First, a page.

The science behind this isn’t well understood, but we can make a few guesses as to why this is. Eggs need to be kept at a constant temperature throughout incubation.
What’s likely is that the eggs need to be kept at a constant temperature, even at this stage. During this time, the female will stay inside its hide, if she has one, or at least avoid your heat source.
Another behavioral change you might spot is where the female lays inverted, exposing her belly. Again, this is likely to be related to temperature regulation. It isn’t a sure sign of eventual ovulation; not all females that lay inverted are gravid, but almost all gravid females will lay inverted.
What is Lumping Up in Gravid Ball Pythons?
Something else you’re likely to see is ‘lumping up.’ Contrary to what you might think, this isn’t where you start seeing the lumps of the follicles inside your female. This sign comes before that point.
Lumping up is something that happens while they’re wrapped around their water bowls (or similar features in their enclosure). It will look like your female has lots of lumps or kinks along its spine. It happens at the stage when they’re building their follicles, which will later become the eggs.
It’s unclear precisely what causes lumping up. It’s not to do with the follicles themselves, because the lumps appear all along the female’s body. But it’s a common sign all the same.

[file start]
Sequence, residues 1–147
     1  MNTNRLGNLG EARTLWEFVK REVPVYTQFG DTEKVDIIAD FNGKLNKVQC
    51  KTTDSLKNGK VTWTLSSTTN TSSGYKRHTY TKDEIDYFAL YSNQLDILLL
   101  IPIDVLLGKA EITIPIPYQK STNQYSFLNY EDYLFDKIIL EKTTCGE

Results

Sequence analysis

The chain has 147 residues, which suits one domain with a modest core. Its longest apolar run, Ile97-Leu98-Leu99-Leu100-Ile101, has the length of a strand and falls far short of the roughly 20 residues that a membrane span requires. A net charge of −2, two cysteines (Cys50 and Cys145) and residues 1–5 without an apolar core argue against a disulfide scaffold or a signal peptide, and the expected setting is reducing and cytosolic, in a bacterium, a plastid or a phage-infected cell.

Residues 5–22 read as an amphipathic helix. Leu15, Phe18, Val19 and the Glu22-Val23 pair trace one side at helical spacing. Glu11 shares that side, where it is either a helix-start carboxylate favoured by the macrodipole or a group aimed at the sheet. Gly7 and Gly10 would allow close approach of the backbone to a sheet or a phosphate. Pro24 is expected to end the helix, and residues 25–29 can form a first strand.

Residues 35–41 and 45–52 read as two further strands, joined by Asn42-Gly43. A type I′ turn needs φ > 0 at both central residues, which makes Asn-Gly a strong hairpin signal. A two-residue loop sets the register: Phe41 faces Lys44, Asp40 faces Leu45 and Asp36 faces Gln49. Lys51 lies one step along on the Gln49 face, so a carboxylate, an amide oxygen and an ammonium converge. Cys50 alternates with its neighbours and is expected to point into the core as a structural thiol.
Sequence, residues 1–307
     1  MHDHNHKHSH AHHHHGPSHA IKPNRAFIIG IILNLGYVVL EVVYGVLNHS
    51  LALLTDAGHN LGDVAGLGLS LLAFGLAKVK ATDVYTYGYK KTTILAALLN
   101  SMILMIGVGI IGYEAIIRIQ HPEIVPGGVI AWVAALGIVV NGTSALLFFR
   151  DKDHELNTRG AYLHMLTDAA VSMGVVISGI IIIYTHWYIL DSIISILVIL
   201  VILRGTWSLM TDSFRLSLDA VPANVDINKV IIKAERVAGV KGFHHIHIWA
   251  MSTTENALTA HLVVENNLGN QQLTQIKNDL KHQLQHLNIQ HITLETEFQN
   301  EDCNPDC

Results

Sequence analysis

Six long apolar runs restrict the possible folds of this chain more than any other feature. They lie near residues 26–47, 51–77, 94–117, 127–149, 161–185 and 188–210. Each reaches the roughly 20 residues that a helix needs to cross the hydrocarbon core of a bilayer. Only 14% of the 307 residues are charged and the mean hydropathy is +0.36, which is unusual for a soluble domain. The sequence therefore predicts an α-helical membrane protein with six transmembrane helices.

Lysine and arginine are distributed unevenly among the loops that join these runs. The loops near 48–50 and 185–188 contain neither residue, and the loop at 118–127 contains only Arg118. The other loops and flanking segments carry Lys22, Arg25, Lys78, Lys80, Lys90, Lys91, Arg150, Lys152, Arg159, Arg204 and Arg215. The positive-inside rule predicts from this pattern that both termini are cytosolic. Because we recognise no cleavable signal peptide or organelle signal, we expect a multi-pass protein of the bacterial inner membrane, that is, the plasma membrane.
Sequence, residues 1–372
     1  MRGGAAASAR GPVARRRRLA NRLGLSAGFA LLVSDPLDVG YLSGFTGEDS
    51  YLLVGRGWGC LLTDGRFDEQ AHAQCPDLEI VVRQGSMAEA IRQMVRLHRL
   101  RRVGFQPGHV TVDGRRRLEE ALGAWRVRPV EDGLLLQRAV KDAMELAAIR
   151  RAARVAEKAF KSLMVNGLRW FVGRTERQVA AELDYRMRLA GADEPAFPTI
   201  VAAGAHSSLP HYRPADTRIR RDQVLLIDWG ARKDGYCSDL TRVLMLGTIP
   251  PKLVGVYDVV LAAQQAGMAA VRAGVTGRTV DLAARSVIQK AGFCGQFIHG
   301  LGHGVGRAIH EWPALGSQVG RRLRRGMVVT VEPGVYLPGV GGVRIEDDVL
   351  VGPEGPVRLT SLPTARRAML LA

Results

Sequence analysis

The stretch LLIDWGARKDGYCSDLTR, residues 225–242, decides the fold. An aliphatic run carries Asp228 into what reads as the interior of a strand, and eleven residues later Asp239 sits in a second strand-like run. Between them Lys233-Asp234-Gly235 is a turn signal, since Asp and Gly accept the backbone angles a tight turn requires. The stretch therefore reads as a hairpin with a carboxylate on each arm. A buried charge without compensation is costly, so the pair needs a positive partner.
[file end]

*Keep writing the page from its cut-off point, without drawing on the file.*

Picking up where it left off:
Color Changes in Gravid Ball Pythons
One of the most drastic changes is in the female’s color. This change comes before their pre-ovulation shed. If you didn’t know, females will have to shed before they ovulate (which is when the eggs are fully formed from the follicles).
It’s frequently the case that a snake’s colors will sharpen or fade before shedding and during the blue phase. But in gravid females, it’s especially noticeable. This change can easily be spotted around the head and neck.
Bear in mind that each of these signs appears in order. The first signs you’ll see are behavioral changes, and perhaps lumping up. Then, you’ll see the female’s color change. It’s only after these signs that you’ll notice the shape of the follicles inside the female.